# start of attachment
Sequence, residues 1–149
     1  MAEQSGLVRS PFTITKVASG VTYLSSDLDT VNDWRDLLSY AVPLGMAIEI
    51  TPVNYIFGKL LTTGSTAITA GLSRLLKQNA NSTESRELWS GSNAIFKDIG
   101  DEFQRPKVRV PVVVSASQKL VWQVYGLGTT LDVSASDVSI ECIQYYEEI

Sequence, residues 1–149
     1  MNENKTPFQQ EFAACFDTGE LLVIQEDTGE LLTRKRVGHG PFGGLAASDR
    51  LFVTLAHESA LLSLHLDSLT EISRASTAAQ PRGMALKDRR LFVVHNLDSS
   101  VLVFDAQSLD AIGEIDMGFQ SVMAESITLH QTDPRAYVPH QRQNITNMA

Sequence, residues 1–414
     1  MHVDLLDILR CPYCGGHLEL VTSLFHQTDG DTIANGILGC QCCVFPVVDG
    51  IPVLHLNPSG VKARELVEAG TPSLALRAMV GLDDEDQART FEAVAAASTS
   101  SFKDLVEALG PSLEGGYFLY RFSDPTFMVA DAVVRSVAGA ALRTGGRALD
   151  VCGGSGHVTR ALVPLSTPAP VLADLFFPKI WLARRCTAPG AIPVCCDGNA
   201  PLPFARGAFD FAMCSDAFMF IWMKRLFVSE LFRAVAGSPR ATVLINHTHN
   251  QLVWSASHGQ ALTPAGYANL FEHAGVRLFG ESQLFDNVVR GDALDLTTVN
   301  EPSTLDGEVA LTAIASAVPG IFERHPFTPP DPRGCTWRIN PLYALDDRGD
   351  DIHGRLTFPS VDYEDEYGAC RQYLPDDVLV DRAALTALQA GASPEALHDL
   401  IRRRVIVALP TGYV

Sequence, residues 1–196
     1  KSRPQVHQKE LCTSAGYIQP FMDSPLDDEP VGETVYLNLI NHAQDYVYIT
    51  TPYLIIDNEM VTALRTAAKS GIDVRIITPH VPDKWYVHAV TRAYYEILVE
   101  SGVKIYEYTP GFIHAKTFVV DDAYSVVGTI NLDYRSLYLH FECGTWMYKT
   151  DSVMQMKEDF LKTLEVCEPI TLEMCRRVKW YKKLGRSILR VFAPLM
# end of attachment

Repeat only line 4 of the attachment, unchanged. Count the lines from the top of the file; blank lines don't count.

   101  DEFQRPKVRV PVVVSASQKL VWQVYGLGTT LDVSASDVSI ECIQYYEEI